> Wilhelm PETERSON-BERGER - Symphony No. 4 [JP]: Classical CD Reviews- Jun2002 MusicWeb(UK)






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Wilhelm PETERSON-BERGER (1867 - 1942)
Symphony No. 4 in A Major "Holmia" (1929)
Tornrossagan (1934)
Frösöblömster (1898)
Nörrkoping Symphony Orchestra/Michail Jurowski
co-production between CPO / Swedish Broadcating Corporation
recorded 31/5 - 4/6 1999 in De Geer Hall, Nörrkoping. DDD
CPO 999 662-2 [65'55'']


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Wilhelm Peterson-Berger was a minor Swedish symphonist. Most of his output was song based and, as a songwriter, he is well known throughout Scandinavia. He wrote five symphonies and these are being systematically recorded for us by CPO and Swedish Radio.

The current disc, a recording of the 4th Symphony, sub-titled "Holmia" was Peterson-Berger’s penultimate symphony (the fifth would follow in a further four years). Here on this CPO release it has just about as good a performance as it could have, with the Nörrkoping orchestra under Michel Jurowski supplying a bright, forthright performance, accurately phrased and played in a splendid, alive recording.

The major problem I have experienced with this disc is nothing to do with the performance, recording or presentation of these works – they are all first rate. No, it is more to do with the musical inspiration of the composer himself, which appears to me to be on an extremely low level. It is not that I think I could do better, far from it, but after having played the disc many times over the last few weeks, I find that it has registered very little impact on me. This is probably down to me, but I feel I must warn potential purchasers that they might be similarly affected by the these works.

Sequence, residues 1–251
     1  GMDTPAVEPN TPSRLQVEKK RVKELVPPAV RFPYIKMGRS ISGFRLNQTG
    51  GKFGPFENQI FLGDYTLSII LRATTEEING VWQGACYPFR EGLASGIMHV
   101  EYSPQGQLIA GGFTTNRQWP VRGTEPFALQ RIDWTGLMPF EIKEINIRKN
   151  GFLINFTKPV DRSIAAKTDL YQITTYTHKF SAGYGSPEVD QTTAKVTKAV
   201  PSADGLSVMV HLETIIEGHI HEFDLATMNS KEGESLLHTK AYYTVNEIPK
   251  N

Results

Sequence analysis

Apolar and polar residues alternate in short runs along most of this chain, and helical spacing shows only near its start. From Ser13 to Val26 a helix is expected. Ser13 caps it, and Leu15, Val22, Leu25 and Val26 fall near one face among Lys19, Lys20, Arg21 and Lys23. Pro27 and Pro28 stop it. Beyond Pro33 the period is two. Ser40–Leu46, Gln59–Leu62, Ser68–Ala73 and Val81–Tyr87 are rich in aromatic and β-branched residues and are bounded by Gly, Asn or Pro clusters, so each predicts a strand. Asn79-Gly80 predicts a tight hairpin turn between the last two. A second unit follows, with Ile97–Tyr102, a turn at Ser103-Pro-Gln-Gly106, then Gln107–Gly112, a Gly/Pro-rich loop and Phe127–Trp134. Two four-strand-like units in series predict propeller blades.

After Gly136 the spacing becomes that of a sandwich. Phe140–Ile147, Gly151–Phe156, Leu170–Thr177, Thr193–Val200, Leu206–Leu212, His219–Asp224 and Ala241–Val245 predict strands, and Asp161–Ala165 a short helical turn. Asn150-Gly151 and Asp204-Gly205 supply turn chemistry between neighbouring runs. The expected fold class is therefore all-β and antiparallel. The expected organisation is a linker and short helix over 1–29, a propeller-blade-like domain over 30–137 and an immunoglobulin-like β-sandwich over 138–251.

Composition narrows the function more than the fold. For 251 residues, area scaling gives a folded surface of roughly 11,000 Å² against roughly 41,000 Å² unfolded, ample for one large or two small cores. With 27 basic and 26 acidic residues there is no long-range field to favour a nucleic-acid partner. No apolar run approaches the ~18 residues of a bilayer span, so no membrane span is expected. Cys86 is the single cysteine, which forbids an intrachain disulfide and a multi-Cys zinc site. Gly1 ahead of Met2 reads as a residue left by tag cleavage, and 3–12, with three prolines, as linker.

Having stated my reservations, I have nothing but praise for CPO in making these less than well known symphonies available to us to expand our knowledge of them. We would be much the poorer without them.

Fans of early twentieth century conservative Scandinavian symphonies will be well pleased with these recordings.

The Fourth Symphony is written in three relatively short movements, the middle one doubling as a slow movement and scherzo combined. All three movements are lightweight and tuneful, and played with sensitivity by the performers. The scherzo (placed in the middle of the slow movement) is quite pleasant, and gives the orchestra an opportunity to display their collective virtuosity. There is not much evidence of organic growth throughout the symphony, but if this does not bother you you will enjoy this.

The disc is completed by two Suites for orchestra, one early work (Frösöblömster) a work which describes The Flowers of Froso. It was written as a solo for piano and subsequently orchestrated in 1934. As a piano work, it ensured that the young composer made a lasting impression on the musical establishment, and in terms of lyricism, it is somewhat ahead of the symphony.

The disc is completed by (Tornrossagan), another work written earlier (in 1903) as a ballet, and reorganised into an orchestral suite in 1934. Again, much better than the symphony, mainly because it suits the composer’s abilities better. The disc is almost redeemed by these two orchestral works, and I enjoyed them much more than the symphony.

As usual with these issues from CPO – superb documentation – well done CPO.

John Phillips


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